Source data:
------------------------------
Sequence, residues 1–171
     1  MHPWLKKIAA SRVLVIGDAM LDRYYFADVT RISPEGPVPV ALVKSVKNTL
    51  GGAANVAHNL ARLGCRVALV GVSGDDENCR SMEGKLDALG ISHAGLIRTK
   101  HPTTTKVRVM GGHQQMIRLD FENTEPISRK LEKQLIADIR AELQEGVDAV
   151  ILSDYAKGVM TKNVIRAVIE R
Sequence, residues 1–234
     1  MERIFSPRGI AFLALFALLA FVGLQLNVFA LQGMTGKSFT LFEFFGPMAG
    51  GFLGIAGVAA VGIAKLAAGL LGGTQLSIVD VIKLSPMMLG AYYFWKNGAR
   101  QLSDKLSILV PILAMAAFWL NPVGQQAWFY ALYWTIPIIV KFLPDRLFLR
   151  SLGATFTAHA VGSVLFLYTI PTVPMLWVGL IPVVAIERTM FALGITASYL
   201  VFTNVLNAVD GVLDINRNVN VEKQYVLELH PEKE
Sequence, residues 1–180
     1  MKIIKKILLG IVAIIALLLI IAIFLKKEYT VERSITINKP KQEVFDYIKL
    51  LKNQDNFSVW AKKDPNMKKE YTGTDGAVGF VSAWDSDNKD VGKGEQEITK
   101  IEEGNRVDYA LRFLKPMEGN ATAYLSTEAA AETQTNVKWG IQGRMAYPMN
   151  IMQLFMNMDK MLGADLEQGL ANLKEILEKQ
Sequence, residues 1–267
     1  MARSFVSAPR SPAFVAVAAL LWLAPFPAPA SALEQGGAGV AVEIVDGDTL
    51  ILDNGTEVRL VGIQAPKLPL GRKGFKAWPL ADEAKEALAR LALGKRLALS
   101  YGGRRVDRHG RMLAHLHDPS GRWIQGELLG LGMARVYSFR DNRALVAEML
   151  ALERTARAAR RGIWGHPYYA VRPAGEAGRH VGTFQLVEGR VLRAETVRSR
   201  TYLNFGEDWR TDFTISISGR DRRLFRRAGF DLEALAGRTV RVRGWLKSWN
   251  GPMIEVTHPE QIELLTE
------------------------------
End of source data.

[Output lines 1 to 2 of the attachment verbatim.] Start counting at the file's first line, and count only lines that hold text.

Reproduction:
Sequence, residues 1–171
     1  MHPWLKKIAA SRVLVIGDAM LDRYYFADVT RISPEGPVPV ALVKSVKNTL